you can network boot the Pi3 and Pi4

The Raspberry Pi 3 introduced some new boot modes, including PXE over the on-board ethernet port. See PI 3 BOOTING PART II: ETHERNET for details.

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  • Not supporting PXE for something that just begs to be an IOT device seems like an oversight. It hadn't even occurred to me that PXE wasn't included. Do you know where anyone has successfully done this? I have read your answer, but like the references you are citing that I have already read, you aren't providing any links to code or a documented solution. - Thanks
    – spyderdyne
    May 16 '16 at 18:38
  • @UwePlonus it was incomplete, not wrong: the very first words were "If nothing changed from the RasPi2 to the RasPi3". That was because at the time of writing (may '16) the Pi3 was already in the stores but details about its alternative boot modes were not published. I've now edited the answer to include PXE booting on the Pi3.
    – Luke404
    Feb 28 '18 at 8:26
  • @Luke404: My other comment is obsolete after the edit therefore I'll remove it.
    – Uwe Plonus
    Feb 28 '18 at 9:39
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The capability for USB/PXE boot is thought to be there and is said to work.

USB and PXE network boot

Even with the chip designed and taped out in March of last year, the Foundation had some final input for Broadcom in order to add two new features: direct USB mass storage and PXE network boot capabilities. “Gordon rewrote the boot ROM for the chip and then provided an updated boot ROM to Broadcom, saying ‘shove this in the chip, it’ll work’,” Eben laughs. “And it does!

See https://www.raspberrypi.org/magpi/pi-3-interview/

However I know of no evidence that any production Pis have had the new ROM software installed. I don't see how this could be retrofitted to existing Pis.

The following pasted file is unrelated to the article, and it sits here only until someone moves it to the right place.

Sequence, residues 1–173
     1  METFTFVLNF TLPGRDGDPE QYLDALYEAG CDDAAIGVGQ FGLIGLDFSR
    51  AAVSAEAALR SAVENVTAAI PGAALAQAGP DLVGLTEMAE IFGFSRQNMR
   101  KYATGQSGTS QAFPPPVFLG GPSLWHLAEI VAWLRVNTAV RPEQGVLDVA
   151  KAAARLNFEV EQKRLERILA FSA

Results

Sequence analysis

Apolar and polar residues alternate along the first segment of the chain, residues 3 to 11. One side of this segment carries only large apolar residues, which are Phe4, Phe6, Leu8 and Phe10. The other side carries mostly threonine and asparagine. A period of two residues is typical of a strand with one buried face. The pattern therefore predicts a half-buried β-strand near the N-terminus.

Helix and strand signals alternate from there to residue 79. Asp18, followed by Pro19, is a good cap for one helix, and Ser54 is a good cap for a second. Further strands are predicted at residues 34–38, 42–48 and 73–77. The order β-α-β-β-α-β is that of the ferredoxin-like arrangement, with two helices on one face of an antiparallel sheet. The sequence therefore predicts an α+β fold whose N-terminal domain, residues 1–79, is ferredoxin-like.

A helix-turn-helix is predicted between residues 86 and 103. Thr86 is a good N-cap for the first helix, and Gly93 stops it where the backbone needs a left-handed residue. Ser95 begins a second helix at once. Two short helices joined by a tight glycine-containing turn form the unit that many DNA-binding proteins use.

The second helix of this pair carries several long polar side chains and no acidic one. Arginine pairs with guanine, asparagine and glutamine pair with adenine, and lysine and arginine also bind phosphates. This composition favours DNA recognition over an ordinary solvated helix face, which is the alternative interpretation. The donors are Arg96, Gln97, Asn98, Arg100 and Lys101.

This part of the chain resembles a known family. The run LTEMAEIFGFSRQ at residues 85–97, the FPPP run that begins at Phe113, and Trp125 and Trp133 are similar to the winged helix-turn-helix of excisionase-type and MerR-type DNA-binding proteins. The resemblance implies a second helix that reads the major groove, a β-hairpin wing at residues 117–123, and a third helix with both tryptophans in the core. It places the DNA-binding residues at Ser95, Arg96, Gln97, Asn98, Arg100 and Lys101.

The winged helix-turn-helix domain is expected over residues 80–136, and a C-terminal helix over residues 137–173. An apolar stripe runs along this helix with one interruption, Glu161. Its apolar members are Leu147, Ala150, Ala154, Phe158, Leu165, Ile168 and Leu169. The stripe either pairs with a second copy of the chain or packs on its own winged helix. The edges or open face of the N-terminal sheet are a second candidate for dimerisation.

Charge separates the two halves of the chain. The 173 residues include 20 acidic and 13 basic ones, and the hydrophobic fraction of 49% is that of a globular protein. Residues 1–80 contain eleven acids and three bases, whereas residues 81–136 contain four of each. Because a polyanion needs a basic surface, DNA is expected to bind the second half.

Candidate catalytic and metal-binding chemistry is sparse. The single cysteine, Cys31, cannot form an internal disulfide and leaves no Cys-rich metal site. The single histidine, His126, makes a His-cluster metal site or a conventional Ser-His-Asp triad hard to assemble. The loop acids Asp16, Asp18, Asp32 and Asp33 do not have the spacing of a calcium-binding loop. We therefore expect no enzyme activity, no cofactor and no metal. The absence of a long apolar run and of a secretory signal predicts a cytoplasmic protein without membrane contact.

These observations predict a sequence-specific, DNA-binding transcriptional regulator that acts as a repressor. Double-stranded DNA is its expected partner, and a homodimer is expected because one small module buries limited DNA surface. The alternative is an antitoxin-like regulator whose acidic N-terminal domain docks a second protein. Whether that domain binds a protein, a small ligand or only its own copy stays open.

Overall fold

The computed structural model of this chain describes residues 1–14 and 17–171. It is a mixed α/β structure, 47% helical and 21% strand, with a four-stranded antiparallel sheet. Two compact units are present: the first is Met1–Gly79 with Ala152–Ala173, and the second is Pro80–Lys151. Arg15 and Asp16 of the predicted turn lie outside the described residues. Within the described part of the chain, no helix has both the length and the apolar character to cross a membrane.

EDITED TO ADD

The current situation was said to be some form of USB boot by the end of April and PXE boot by the end of May.

Listen to http://thepipodcast.com/media/ThePiPodcast022.mp3 from minute 25.

Given that the end of April milestone has passed I'd take any dates with a pinch of salt.

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  • is there an option to add a USB NIC with PXE?
    – spyderdyne
    May 16 '16 at 18:36
  • The link you shared is something I had already read and was what gave me the impression that this was resolved somewhere already. Are you aware of any documented workarounds? I haven't found any yet. - Thanks
    – spyderdyne
    May 16 '16 at 18:40
  • @spyderdyne I don't see how there can be any workaround until Broadcom update the ROM in production SOCs. Perhaps they already have. I have seen no announcement though. I'd expect it to be blogged on raspberrypi.org first.
    – joan
    May 16 '16 at 18:57
  • I was hoping someone could cite some code examples as in the answer above, or maybe something clever like a model of USB NIC that does PXE or even some sort of GPIO extension module that I could use. - Thanks
    – spyderdyne
    May 18 '16 at 19:05
  • @spyderdyne I can only repeat what has already been said. You have to boot from the SD card currently.
    – joan
    May 18 '16 at 19:35